- Carbon dioxide laser-light “etching” to label citrus fruit may soon be allowed by the U.S. Food and Drug Administration, following research that shows the process does not make the fruit vulnerable to pathogens or decay.
Carbon dioxide laser-light “etching” to label citrus fruit may soon be allowed by the U.S. Food and Drug Administration, following University of Florida research that shows the process does not make the fruit vulnerable to pathogens or decay.
The carbon dioxide laser etching is intended to replace sticky labels that consumers sometimes find bothersome. And because the etched label can’t be removed, it helps officials more quickly trace food to a specific producer — a big improvement for food safety.
Former University of Florida scientist Greg Drouillard, now with Sunkist Growers Inc. in Fontana, Calif., invented the laser-labeling system.
Ed Etxeberria, a horticultural sciences professor at UF’s Citrus Research and Education Center in Lake Alfred, Fla., has been studying the system for several years, and said he believes it will eventually replace adhesive labels for most produce because it is cost efficient and a time saver.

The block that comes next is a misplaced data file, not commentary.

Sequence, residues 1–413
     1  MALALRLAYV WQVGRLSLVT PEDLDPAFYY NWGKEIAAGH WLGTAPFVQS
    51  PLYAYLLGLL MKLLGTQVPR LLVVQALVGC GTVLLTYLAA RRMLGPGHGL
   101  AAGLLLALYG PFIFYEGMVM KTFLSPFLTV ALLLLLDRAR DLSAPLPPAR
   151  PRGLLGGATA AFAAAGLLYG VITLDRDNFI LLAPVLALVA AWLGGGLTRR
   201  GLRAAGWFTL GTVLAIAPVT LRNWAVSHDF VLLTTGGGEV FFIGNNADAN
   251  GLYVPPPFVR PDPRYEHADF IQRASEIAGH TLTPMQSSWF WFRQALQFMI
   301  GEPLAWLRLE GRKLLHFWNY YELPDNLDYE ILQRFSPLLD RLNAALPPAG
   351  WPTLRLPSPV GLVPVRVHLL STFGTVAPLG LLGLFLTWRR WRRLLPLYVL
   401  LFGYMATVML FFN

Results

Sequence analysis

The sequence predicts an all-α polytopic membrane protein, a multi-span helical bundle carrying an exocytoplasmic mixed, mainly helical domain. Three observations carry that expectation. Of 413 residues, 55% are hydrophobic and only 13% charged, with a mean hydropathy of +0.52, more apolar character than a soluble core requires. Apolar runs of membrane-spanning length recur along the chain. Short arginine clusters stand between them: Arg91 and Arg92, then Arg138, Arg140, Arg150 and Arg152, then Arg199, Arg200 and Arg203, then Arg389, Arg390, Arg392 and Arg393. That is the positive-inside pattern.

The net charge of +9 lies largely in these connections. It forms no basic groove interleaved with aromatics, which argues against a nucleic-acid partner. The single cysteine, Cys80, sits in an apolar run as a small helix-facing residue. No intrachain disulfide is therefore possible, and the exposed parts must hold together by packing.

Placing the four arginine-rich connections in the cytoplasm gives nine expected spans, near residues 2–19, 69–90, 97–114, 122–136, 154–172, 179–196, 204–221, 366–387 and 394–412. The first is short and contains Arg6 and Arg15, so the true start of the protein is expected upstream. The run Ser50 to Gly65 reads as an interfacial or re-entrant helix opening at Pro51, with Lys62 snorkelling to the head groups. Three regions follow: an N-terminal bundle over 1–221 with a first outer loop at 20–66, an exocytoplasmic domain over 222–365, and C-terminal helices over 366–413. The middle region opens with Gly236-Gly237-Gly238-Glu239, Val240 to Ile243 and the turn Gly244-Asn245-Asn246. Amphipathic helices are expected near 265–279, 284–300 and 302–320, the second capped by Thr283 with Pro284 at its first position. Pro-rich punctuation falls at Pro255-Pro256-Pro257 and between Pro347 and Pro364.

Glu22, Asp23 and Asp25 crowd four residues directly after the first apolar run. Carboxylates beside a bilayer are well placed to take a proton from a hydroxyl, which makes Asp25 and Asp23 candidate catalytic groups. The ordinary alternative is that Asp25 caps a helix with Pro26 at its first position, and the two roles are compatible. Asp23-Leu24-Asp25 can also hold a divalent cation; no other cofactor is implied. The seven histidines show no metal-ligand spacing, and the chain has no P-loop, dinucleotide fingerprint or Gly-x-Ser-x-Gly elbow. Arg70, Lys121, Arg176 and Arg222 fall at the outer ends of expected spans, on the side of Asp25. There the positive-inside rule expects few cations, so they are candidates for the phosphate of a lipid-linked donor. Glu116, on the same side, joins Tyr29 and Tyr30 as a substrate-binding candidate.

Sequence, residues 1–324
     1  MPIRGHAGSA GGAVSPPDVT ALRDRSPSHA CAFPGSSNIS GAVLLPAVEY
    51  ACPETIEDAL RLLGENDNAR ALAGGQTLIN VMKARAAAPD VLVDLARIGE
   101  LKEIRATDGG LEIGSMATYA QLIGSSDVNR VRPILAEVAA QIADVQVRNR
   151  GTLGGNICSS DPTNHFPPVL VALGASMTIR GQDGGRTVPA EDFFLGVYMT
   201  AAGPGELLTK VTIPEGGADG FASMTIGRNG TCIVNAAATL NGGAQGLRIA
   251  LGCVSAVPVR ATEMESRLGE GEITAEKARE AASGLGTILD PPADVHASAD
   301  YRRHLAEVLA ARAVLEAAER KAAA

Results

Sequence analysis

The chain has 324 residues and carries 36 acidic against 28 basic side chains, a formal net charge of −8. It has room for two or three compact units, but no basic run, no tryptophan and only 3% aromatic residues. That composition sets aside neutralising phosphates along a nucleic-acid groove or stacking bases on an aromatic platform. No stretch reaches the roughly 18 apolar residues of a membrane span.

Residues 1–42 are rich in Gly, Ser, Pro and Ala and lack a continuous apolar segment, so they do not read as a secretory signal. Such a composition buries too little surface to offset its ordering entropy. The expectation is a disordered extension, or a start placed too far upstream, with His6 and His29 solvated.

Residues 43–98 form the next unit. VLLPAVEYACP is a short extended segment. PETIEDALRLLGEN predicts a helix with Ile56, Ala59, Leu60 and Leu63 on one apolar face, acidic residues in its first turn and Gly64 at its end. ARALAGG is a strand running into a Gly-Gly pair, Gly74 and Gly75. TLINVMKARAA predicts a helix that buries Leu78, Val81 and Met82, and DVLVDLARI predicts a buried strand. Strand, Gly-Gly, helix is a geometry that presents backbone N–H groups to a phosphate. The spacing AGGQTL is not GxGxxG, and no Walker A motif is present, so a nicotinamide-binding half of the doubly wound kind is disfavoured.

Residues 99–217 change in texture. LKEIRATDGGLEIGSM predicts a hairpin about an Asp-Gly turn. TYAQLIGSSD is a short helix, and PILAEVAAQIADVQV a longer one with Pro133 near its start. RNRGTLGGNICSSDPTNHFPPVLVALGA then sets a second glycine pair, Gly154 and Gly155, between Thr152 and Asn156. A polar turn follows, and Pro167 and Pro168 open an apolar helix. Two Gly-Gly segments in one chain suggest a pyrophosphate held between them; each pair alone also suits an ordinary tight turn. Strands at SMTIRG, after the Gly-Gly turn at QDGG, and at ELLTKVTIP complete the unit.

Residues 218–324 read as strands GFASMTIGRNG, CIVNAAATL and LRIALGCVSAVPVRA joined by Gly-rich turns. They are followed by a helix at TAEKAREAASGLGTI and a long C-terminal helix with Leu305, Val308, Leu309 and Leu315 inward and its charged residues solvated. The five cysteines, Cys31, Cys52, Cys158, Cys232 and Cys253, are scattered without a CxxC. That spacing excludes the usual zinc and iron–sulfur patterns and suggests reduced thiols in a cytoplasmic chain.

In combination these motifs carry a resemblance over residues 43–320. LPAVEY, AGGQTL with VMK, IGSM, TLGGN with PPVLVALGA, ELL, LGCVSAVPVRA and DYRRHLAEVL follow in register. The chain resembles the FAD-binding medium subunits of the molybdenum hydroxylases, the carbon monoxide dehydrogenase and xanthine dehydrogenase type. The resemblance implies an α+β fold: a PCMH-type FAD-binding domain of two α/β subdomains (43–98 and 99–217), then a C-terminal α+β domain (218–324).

Research that led to the FDA’s final-rule approval of the system included work by Etxeberria, as well as Michelle Danyluk, a UF assistant professor in food microbiology who is also part of UF’s Institute of Food and Agricultural Sciences, and Jan Narciso, a USDA microbiologist.
There is now a 30-day public comment window about Monday’s FDA ruling, but successful challenges to rulings at this stage are rare.
The UF researchers looked at whether Salmonella bacteria could more easily contaminate the peel of oranges after laser etching and found that it could not. They also found no Salmonella present in juice taken from healthy, etched oranges.
The carbon dioxide laser light device etches a mark a few millionths of an inch deep into the skin of fresh produce, creating a pinhole dot. The tiny marks form letters and numbers that give cashiers and consumers price-look-up, or PLU codes, required for stores’ electronic scanners.
The technology has improved greatly in recent years and researchers have been looking at how it works with other produce, such as tomatoes, avocadoes and peppers, Etxeberria said.
Drouillard said while the system was under FDA review, he’s been tweaking the system. Initially, it could only make squared-off letters and numbers, but now it can create curved lines, allowing for logos and words that are easier to read. He’s also refined the system so that it uses less energy.